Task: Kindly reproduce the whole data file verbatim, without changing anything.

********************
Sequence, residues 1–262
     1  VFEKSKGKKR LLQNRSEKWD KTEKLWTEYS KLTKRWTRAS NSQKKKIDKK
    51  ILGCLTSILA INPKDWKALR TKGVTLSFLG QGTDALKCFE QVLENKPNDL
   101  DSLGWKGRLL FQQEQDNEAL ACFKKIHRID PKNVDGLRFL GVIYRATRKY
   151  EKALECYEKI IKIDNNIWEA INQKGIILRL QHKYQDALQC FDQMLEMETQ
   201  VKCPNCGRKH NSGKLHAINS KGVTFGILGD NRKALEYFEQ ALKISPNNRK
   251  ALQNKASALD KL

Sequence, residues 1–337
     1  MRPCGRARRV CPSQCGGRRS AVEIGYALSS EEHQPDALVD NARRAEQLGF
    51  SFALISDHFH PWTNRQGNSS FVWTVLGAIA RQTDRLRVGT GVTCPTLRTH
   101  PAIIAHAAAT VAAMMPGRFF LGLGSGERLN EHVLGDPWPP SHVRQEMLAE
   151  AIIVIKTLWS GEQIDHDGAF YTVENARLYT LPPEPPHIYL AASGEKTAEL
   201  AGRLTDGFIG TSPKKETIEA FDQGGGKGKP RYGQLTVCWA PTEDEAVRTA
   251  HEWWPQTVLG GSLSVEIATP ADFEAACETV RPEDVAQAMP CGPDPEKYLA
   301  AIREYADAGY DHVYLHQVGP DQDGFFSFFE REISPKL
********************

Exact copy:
Sequence, residues 1–262
     1  VFEKSKGKKR LLQNRSEKWD KTEKLWTEYS KLTKRWTRAS NSQKKKIDKK
    51  ILGCLTSILA INPKDWKALR TKGVTLSFLG QGTDALKCFE QVLENKPNDL
   101  DSLGWKGRLL FQQEQDNEAL ACFKKIHRID PKNVDGLRFL GVIYRATRKY
   151  EKALECYEKI IKIDNNIWEA INQKGIILRL QHKYQDALQC FDQMLEMETQ
   201  VKCPNCGRKH NSGKLHAINS KGVTFGILGD NRKALEYFEQ ALKISPNNRK
   251  ALQNKASALD KL

Sequence, residues 1–337
     1  MRPCGRARRV CPSQCGGRRS AVEIGYALSS EEHQPDALVD NARRAEQLGF
    51  SFALISDHFH PWTNRQGNSS FVWTVLGAIA RQTDRLRVGT GVTCPTLRTH
   101  PAIIAHAAAT VAAMMPGRFF LGLGSGERLN EHVLGDPWPP SHVRQEMLAE
   151  AIIVIKTLWS GEQIDHDGAF YTVENARLYT LPPEPPHIYL AASGEKTAEL
   201  AGRLTDGFIG TSPKKETIEA FDQGGGKGKP RYGQLTVCWA PTEDEAVRTA
   251  HEWWPQTVLG GSLSVEIATP ADFEAACETV RPEDVAQAMP CGPDPEKYLA
   301  AIREYADAGY DHVYLHQVGP DQDGFFSFFE REISPKL